“Oh wow, I got so much time to do my TOK presentation,” you think in December – “it’s not due till AFTER the break after all?!” On this side of Christmas break, your TOK presentation seems to be approaching quicker than Usain Bolt running 100 meters. This week I’m going to share my best tips […]
Pt. 3 – Knowledge questions and knowledge claims
(or how I mastered IB ToK achieving the best grade - and how you can too!!!)
Knowledge questions and knowledge claims are super central to ToK, in fact, the subject is based on them! In this section we’re going to learn what they are. Then we’ll think about some examples and how they might come up in your presentations and essays.
Knowledge questions are so important to ToK that the syllabus says ‘an essay or presentation that does not identify and treat a knowledge question has missed the point’. We certainly don’t want to miss the point so it’s essential that you can identify a knowledge question when you see one.
There is a question you might have heard of before in ToK: ‘how do we know what we know?’. This is an example of a knowledge question. All knowledge questions ask about how we know things. There are really an unlimited number of these kinds of questions, here are 3 more specific examples.
Let’s look at 3 examples of knowledge questions:
• What counts as evidence for a scientific theory?
• What makes a good explanation in philosophy?
• Do we know whether it is right to coerce other people?
Each of these questions contains a key word which gives us a big clue that it is a knowledge question. Look at the questions and try to guess which word is critical to each one now. Which words did you pick out?
The first questions asks us what counts as evidence. It wants us to show a standard of what counts proof for a piece of knowledge.
The second question asks about what is a good explanation. A good explanation would support us if we claimed to know something.
The third question asks us about whether something is right. It invites us to try and show the method we used to make a claim that something was right.
Read the three characteristics of a knowledge question below, then come back and look at the examples. It should be clear that they are indeed knowledge questions.
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Knowledge questions – 3 characteristics
1. Knowledge questions are about knowledge (duh!). But they are not questions of what you know. ‘Which is the third planet from the sun?’ is not a knowledge question. It only asks for a piece of knowledge. Instead a knowledge question asks how a piece of knowledge is produced – the ‘methods and mechanisms’ for producing knowledge. A good place to start when thinking about this is the Ways of Knowing – which we will discuss in the next blog post.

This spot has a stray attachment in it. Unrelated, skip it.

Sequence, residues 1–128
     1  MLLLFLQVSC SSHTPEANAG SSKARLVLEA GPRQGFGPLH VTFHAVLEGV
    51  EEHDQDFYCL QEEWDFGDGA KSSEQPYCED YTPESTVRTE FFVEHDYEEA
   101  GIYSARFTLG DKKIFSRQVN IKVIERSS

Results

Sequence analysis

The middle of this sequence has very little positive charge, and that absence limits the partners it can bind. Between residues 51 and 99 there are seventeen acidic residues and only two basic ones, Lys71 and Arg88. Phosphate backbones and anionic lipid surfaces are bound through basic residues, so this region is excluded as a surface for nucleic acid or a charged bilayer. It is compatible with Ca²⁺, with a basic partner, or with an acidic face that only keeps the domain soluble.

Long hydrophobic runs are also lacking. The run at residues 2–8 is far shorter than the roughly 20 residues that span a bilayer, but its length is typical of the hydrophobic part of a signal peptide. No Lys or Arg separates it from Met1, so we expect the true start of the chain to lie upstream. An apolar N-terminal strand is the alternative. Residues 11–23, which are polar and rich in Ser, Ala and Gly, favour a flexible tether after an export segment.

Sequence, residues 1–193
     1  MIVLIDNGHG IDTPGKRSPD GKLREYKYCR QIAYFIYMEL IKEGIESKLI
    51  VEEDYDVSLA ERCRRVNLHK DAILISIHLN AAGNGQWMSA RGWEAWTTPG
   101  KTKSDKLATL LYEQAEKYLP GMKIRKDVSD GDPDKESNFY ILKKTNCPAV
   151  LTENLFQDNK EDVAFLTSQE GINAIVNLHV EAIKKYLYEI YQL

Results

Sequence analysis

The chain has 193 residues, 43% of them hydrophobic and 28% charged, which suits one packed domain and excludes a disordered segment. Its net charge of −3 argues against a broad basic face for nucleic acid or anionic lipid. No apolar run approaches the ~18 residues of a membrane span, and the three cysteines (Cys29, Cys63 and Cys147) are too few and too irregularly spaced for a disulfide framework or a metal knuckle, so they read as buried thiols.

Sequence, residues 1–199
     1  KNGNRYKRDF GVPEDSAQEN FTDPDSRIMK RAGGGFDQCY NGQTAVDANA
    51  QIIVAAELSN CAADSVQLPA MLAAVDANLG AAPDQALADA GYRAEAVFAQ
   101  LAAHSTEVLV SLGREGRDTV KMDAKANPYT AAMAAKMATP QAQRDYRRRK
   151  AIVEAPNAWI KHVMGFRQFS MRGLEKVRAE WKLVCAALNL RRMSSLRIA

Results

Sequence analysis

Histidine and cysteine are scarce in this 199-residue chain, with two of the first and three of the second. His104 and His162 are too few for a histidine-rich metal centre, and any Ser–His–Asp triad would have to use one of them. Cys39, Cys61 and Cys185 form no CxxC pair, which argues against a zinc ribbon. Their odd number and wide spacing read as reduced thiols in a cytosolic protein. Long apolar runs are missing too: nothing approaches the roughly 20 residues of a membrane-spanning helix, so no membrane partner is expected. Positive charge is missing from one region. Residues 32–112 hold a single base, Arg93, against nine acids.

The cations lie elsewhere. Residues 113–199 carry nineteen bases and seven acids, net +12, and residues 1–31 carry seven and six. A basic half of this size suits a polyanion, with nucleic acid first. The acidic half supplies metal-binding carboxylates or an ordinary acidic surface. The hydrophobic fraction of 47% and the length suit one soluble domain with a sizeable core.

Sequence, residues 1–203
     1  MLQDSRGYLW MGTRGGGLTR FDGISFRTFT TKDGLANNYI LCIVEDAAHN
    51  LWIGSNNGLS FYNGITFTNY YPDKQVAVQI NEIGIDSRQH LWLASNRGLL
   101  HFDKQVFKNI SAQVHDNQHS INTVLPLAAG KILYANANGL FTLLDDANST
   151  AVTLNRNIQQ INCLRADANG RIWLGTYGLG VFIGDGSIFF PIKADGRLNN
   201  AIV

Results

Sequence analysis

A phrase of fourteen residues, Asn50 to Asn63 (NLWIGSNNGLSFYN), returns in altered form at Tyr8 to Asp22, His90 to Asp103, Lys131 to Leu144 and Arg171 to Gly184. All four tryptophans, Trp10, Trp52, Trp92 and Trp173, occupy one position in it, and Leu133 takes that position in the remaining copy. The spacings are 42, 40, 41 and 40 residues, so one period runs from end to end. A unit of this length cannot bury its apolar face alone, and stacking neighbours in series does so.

2. Knowledge questions are open. They don’t have one right answer but rather there are multiple answers and different sides to the argument.
3. Knowledge questions are general. They are not specific to a single example. You must use your judgement for this. There is a scale that goes from asking ‘what is the weight of my pen’ to ‘how do we know what reality is like’. The former question is very specific and therefore would not make a good knowledge question. The latter is too general and would not be good for you to try and tackle in your coursework. One guiding rule is that knowledge questions should not use vocabulary specific to any subject. Anyone should be able to understand all the words in a knowledge question!
Next time you want to identify a knowledge question, look at these three characteristics and check that it fulfils them all.
Basically these are claims or statements saying that we think we know something:
1. Some claims are made by individuals, or communities, about how the world and how it works these are called first order knowledge claims. ‘Mammals cannot fly’ is a first order knowledge claim. The claim does not have to be true (think bats), but it does have to say something about the world.
2. Some claims are made about knowledge itself, for example ‘mathematical knowledge is always certain’. This is what is called a second order claim as it examines knowledge itself. We are seeking knowledge about knowledge!
Hopefully you now feel a bit happier with what knowledge questions are. You should be able to use your new skills to identify and even come up with new knowledge questions. You should also have a good idea what a knowledge claim is, that there are two types of knowledge claims and what those are. If you’ve been following the guide so far you’re well on the way to becoming a ToK master.
Come back next time to learn about Areas of Knowledge and continue your journey toward ToK success!
Read Part 4: The Ways of Knowing - Language, Senses, Emotion and Reason